SCHOOL NEWS in Brief…..
30th April 2015
From the Principal
Headlice continue to be an ongoing problem. The only solution is for every family to take responsibility to regularly check the heads at home for lice and for eggs.
Please do not drive around the school or park illegally at opening and closing time....and make sure children are aware that the roads around the school are public roads and are used by people other than the school community!
Good luck to Rang 6 (ably assisted by Rang 5) who are performing their version of Charlie and the Chocolate Factory today for the rest of the school and tomorrow at 9.45am sharp for their parents and families.
A reminder that the school will be closed next Tuesday, 5th May. All dates are on the school calendar on the website (www.rmds.ie).
The Student Council is holding a ballot at the moment to decide how to donate funds raised during the Seachtain na Gaeilge cake sales. The chosen charities are The Irish Cancer Society and Nepal earthquake relief organizations.
From the PA:
Dog Show Take 2!!!
Regretfully Saturdays weather was too bad to go ahead with the Dog Show. We have rescheduled the event for Saturday 9th May, 2-4 pm. We will be back with a bigger, better and hopefully drier show! We will keep all registrations as they are and any amendments or additional registrations can be made at the gate on the Wednesday/Thursday of that week. Registrations will also be taken on the day!
Other important dates for the diary: Sports Day - Sunday 7th June, RMDS Parents Night Out - Friday 12th June.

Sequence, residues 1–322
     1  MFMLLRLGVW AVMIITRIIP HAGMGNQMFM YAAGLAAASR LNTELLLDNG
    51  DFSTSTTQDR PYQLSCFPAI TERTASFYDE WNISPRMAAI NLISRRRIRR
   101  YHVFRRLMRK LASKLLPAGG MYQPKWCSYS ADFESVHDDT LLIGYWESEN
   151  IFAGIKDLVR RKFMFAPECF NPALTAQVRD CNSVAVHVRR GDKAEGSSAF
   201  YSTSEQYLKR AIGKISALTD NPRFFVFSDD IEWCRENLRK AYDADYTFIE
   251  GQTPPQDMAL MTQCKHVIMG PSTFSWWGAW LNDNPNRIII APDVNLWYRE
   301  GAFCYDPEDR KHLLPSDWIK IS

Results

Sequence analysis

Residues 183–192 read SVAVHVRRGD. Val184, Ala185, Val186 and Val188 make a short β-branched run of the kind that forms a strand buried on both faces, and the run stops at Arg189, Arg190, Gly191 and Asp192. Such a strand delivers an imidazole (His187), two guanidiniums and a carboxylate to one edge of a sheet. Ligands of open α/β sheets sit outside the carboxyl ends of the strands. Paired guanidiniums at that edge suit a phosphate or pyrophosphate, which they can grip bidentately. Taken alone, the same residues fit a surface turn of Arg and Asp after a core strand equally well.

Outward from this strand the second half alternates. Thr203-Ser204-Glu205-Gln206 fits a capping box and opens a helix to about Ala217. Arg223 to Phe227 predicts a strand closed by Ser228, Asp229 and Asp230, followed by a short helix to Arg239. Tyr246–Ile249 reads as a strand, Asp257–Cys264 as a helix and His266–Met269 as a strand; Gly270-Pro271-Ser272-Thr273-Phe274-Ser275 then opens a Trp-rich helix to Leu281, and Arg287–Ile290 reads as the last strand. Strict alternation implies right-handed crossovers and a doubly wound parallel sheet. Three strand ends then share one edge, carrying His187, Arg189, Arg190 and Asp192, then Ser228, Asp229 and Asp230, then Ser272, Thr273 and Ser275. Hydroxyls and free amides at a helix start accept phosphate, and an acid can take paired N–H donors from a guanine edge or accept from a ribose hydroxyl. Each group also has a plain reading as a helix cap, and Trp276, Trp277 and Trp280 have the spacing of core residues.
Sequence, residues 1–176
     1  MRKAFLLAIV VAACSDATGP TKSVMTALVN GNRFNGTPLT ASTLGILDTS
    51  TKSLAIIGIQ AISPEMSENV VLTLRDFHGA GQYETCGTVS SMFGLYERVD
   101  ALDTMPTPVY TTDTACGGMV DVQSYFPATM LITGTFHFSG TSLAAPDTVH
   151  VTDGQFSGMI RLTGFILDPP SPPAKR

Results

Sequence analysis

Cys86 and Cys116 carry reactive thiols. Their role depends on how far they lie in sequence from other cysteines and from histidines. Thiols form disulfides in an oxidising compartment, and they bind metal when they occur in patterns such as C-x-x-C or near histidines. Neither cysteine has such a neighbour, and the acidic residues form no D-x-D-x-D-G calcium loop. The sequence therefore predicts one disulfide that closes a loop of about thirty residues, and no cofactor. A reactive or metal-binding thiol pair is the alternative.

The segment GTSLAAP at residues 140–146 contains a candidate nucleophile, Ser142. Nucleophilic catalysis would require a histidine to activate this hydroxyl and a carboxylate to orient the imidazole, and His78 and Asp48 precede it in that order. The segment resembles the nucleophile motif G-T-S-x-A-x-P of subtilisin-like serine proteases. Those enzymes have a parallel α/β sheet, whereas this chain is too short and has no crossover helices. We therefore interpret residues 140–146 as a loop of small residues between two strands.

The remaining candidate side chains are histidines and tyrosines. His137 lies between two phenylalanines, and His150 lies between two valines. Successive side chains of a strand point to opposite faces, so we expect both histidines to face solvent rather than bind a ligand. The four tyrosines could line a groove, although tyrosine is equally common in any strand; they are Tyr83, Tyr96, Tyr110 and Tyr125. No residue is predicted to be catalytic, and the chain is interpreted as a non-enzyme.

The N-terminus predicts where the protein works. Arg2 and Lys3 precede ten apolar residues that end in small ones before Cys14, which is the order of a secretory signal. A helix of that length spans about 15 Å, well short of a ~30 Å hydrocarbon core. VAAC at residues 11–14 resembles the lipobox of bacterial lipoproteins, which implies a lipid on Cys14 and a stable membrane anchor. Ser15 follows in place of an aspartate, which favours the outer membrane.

Thanks in advance for all your support!
From the Green School committee:
Think about this question!
Do we need water meters?
In the absence of domestic tariffs and meters, domestic water use is higher in Ireland than in other European countries, with daily domestic consumption of water at approximately 160 litres. This compares to 150 litres in the UK (where approximately 40% of households are metered), 121 litres in Germany and 114 litres in Denmark (all users are metered in both countries).
Water shortages that are possibly related to increases in demand, high levels of leakage and changing precipitation patterns due to climate change have left some larger urban areas – particularly Dublin – struggling to meet demand during prolonged dry spells.With a surplus supply of 1% at any given time, the greater Dublin area faces water shortages in the coming 10 years. Furthermore, studies have shown that as the city's population grows close to 2 million there will be a demand for an extra 300 million litres of water per day, compared to 540 million litres per day today.